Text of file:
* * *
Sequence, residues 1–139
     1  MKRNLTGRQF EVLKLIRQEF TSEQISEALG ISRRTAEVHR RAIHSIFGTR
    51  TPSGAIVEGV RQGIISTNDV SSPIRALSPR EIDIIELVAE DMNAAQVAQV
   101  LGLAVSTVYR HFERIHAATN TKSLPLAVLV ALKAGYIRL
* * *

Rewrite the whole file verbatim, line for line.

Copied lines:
Sequence, residues 1–139
     1  MKRNLTGRQF EVLKLIRQEF TSEQISEALG ISRRTAEVHR RAIHSIFGTR
    51  TPSGAIVEGV RQGIISTNDV SSPIRALSPR EIDIIELVAE DMNAAQVAQV
   101  LGLAVSTVYR HFERIHAATN TKSLPLAVLV ALKAGYIRL